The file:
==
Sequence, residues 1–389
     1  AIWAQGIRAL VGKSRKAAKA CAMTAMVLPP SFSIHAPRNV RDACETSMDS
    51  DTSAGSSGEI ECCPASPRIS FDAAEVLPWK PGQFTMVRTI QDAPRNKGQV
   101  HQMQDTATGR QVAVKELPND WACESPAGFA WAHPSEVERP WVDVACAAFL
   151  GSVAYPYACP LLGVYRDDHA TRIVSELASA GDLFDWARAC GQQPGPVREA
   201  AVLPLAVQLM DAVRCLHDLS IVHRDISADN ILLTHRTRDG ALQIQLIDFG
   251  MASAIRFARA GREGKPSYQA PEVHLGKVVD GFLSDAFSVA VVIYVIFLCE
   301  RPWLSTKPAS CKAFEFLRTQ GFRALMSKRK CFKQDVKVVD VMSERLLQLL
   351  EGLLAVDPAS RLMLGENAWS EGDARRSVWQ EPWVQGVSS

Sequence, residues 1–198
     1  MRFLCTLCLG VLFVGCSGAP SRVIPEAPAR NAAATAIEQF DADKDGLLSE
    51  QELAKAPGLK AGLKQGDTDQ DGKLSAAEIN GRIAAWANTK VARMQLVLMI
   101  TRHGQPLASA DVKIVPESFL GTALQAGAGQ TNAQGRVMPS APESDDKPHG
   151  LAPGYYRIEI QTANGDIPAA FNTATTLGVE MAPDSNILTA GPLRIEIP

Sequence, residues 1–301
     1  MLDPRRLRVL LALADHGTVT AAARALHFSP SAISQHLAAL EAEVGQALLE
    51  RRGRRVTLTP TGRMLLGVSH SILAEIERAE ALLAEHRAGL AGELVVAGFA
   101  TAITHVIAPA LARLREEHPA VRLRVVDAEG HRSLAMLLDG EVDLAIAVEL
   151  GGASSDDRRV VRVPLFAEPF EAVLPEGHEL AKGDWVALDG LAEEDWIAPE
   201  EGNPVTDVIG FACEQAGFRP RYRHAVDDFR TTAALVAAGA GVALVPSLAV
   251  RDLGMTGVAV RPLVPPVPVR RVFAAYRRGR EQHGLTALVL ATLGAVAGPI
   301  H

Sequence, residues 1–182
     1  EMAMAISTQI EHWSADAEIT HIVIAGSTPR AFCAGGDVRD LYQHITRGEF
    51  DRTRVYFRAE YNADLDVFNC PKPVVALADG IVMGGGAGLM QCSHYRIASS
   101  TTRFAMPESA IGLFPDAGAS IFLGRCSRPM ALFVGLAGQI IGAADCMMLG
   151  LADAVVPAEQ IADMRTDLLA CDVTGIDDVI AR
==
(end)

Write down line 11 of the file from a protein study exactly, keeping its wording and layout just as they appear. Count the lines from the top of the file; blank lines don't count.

     1  MRFLCTLCLG VLFVGCSGAP SRVIPEAPAR NAAATAIEQF DADKDGLLSE